Today, the European Parliament will debate 'Greening the European Investment Bank' (EIB) at the plenary session in Brussels. The Greens/EFA group support calls for turning the EIB into a climate bank and are calling for the EIB to stop financial support for any fossil fuel projects by 2020, and align all its activities, in particular its energy, transport and climate lending policies, with the Paris Agreement goal to keep global heating under 1.5°C.
Bas Eickhout, Greens/EFA spokesperson on climate, comments:
"If we are to do what is needed to avoid climate breakdown then we need to use money already available on climate positive projects that work for the planet and not against it. The EIB must become the EU's climate bank if we are to achieve a 'European Green Deal' and avert climate catastrophe. However, the devil is in the details, only by ensuring that more than 50% of all EIB activates are spent on climate by 2025 will work. More money on renewables, the energy transition and the exclusion of fossil fuels is the only way to achieve the EU's climate targets.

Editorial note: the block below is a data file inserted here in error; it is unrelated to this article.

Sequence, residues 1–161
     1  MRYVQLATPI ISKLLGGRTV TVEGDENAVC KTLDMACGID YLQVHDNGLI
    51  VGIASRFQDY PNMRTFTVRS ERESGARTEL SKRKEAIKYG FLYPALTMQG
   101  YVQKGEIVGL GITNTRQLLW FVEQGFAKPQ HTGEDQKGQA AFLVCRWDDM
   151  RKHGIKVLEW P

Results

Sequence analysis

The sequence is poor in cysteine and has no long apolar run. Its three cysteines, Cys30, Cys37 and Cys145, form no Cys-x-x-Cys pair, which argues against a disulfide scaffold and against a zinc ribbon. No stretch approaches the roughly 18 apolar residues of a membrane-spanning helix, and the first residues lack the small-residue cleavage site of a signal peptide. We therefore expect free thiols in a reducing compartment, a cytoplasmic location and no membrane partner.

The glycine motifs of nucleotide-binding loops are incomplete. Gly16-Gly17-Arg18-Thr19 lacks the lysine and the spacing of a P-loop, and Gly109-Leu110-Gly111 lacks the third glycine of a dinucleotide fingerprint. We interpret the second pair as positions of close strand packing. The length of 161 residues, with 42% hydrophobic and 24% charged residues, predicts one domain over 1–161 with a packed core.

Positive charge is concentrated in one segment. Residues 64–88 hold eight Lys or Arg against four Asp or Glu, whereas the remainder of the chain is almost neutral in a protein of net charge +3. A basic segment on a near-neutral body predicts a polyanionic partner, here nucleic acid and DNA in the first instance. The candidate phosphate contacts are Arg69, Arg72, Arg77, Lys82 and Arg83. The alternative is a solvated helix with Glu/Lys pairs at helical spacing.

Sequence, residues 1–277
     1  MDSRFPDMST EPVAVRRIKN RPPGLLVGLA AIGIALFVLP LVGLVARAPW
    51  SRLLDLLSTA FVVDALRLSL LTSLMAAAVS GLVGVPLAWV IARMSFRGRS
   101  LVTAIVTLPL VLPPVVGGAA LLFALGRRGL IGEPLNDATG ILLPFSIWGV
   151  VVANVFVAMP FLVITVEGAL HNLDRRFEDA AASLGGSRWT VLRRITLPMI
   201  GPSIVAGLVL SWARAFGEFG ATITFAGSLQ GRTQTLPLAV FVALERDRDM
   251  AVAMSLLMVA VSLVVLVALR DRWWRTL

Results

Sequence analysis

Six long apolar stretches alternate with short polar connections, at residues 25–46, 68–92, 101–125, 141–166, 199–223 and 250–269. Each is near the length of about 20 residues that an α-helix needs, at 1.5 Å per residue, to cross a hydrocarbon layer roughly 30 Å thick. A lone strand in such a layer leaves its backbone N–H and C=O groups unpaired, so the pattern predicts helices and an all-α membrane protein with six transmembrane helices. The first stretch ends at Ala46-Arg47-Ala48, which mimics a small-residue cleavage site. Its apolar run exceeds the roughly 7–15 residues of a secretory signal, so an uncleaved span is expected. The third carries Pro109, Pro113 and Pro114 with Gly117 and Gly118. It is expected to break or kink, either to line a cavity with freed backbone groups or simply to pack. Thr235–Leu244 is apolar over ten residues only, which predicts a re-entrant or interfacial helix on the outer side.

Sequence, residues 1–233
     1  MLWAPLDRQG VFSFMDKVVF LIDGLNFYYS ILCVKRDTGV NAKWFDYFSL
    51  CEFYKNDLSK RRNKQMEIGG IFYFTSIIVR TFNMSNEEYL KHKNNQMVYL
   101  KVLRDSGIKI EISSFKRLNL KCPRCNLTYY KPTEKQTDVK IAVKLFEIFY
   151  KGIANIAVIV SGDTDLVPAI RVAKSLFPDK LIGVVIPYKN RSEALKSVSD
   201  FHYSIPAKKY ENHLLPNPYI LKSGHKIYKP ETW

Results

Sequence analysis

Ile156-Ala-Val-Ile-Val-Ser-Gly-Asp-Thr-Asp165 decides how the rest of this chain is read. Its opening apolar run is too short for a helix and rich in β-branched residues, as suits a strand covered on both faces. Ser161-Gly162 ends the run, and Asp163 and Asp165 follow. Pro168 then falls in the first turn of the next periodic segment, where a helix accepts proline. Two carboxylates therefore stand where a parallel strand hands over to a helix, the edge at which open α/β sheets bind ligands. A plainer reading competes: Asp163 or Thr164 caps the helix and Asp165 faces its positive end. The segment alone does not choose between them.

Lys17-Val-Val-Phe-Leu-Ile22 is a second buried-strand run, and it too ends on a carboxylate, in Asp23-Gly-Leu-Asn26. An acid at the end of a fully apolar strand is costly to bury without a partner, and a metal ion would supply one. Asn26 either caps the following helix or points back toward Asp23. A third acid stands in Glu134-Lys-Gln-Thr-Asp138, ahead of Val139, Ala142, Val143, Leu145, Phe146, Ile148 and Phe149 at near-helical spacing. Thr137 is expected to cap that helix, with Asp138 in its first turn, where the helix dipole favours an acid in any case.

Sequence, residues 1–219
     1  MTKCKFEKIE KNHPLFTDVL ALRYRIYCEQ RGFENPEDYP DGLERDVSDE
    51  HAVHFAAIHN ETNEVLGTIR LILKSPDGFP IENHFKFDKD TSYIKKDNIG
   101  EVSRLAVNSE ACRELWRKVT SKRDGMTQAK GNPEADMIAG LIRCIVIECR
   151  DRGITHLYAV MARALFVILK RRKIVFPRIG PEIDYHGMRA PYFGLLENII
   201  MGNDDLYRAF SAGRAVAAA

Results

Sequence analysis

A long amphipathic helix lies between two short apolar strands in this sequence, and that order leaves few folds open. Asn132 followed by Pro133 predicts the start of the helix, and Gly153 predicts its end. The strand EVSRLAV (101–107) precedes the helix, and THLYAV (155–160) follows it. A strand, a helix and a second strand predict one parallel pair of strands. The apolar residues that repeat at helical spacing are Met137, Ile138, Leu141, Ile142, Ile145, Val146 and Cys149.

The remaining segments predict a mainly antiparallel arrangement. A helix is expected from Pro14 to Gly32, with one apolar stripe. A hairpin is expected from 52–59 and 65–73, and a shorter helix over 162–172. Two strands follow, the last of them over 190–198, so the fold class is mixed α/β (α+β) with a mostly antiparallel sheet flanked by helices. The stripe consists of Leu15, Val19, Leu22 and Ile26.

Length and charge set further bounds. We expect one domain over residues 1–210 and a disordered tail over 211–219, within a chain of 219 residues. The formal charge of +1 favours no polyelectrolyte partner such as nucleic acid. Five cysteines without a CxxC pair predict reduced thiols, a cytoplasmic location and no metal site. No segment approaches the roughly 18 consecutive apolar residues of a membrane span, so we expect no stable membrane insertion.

"We need to ensure that EU money is not working against the climate; all the EIB's funding must be divested from all fossil fuels, including gas. EU money should not be spent on polluting airports or new highways when Europe's public transport infrastructure badly needs greater investment.
"EU Member States sitting on the EIB's Board of Directors must take ambitious steps as it looks into greening the bank next week, and most importantly reject all the watering down of the original energy lending proposals."
You can watch the debate live today here: https://www.europarl.europa.eu/plenary/en/home.html
Last month, the president of the EIB announced plans for the bank to align its financing with the goals of the Paris Agreement. In July, the EIB published its new energy lending policy, however the initial proposals have been watered down in recent weeks with exemptions for gas infrastructure. The EIB will vote on the policy next week. The EIB lent more than €11 billion between 2013 and 2017 to fossil fuel projects.